Coyote question

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Would it be likely for a large male coyote to live in the same area for what's going on three years?
Last year and part of the year before I'd see what I'm pretty sure is the same coyote on a trail I run on. Last night just getting close to dark I'd swear was the same one, he's big for this area and basically doesn't really have much fear of me. I get maybe 20 to 30 yards from him before he moves off, behaving the same as last year, will trot off a bit and turn around and sit, will do that a couple of times before leaving the trail when I keep closing on him.
I don't know if they're smart enough to recognize a human they've seen many times ( and smelled I'm sure ) as not a being a threat.
 

montana outfitters

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they sure will stay in any area that offers ample food year round...........it's all about food and finding it, I got 114 coyotes just on this food issue one season just like our government will get us on the food issue and government support/ captive populous except we won't be able to move away like coyotes......Nixon had a plaque that said " when you got them buy the balls their hearts and minds will follow" were about to become coyotes that can not get away !!!!!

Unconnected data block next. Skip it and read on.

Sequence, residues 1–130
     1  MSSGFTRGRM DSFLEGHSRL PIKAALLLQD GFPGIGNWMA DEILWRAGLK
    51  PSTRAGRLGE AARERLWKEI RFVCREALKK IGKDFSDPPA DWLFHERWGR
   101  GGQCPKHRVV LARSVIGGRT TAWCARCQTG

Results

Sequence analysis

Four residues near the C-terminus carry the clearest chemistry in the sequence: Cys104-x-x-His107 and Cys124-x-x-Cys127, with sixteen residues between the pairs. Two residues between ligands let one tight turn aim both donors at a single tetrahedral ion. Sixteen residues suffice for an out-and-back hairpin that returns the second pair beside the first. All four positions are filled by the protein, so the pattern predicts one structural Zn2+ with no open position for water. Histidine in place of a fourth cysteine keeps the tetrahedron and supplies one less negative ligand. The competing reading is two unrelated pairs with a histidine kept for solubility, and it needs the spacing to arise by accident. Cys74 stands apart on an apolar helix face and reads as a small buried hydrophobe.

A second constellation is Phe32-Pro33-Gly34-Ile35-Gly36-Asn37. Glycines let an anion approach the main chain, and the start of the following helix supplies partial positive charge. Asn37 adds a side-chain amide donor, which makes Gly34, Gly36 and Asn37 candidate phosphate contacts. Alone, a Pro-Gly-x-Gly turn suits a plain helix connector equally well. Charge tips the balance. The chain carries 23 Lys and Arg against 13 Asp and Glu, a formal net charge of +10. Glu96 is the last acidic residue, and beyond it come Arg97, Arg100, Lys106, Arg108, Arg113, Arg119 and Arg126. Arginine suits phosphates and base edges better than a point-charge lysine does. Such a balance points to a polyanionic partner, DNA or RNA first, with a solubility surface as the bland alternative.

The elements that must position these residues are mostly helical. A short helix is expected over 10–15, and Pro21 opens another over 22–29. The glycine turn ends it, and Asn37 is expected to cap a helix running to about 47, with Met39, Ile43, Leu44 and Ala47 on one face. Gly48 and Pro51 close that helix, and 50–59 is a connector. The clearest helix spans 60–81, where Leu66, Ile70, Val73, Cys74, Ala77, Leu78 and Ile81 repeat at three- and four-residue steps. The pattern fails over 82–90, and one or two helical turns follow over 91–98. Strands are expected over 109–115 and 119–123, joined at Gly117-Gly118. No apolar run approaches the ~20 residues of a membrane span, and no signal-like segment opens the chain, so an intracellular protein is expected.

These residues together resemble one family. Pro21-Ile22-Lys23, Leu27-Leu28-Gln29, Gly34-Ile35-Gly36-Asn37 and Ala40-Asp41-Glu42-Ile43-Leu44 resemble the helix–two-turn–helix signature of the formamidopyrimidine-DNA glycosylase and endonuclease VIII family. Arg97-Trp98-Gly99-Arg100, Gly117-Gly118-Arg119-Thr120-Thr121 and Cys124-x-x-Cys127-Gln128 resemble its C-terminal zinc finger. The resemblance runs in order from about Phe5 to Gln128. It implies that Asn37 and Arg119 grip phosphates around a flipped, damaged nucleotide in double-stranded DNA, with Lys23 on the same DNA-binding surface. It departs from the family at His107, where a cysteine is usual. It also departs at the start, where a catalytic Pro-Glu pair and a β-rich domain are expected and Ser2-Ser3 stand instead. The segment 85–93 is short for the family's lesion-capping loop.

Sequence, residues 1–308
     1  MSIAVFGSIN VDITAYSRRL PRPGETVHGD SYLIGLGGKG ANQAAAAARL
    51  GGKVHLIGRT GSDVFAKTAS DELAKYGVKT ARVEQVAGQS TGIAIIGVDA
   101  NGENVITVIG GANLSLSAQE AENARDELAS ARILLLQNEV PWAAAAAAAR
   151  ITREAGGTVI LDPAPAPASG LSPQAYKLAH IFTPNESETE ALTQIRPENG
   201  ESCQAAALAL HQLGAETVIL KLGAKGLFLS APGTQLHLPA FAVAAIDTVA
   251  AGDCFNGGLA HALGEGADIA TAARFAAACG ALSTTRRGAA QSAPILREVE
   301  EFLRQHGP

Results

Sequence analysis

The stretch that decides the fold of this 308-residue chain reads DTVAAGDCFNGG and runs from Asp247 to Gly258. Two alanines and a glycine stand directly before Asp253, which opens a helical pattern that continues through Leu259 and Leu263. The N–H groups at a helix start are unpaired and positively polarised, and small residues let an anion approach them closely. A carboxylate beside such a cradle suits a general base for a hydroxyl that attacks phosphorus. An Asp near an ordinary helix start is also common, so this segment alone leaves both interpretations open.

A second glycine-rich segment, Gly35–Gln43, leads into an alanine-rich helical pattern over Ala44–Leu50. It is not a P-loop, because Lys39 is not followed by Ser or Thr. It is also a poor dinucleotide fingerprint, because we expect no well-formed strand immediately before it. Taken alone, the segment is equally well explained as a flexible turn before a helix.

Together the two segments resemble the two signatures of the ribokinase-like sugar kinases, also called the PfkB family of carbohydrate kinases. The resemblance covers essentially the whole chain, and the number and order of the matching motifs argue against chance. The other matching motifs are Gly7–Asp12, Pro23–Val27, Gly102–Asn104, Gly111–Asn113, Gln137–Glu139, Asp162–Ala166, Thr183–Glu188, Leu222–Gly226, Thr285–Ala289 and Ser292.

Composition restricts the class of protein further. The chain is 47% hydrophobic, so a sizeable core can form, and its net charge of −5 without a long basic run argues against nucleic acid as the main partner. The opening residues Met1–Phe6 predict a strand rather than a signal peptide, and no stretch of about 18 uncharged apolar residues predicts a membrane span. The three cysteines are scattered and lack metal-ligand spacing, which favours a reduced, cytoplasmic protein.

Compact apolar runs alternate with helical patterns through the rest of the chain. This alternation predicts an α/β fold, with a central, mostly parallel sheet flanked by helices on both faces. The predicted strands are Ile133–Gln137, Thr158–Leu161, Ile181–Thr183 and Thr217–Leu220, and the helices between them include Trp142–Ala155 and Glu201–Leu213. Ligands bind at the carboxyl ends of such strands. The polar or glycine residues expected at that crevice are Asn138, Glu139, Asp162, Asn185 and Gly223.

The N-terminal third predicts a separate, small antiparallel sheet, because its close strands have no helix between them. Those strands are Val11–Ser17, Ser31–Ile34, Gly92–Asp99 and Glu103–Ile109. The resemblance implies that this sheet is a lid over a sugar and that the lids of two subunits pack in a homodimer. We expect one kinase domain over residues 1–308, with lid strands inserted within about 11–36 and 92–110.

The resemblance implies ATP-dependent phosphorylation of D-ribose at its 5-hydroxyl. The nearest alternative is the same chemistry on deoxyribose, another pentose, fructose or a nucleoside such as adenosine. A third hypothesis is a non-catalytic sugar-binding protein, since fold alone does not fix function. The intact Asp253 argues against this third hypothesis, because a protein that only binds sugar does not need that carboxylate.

woodsy

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I believe that coyotes are classified as somewhat intelligent, at least. And after establishing their territories they would stay there, if only for safety and the chances of getting females. You say he's a big one, which to me indicates he has little to fear from smaller explorers. As long as he stays healthy (and un-shot) he should stay around for a while.
We have a backyard bunny who is also "enlarging", though I can't tell if male or female. Easy to identify by its discolored fur on left side, caused by some encounter in the past. Been three years now, and I can talk to it without it leaving until I get closer than nine feet.
 

hittman

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Great question for Contender.
Also may be helpful if your location was available. Maybe they differ from one region to another??
 

vito

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I was told that coyotes in New England have cross bred with wolves and more aggressive, and much more likely to run in packs than coyotes in the Midwest or Far West. Here in northern IL where I live we see coyotes occasionally. Although they are not aggressive, they seem totally unafraid of humans. I;ve never worried about being attacked, but if I am walking my small dog I always feel better if I am armed.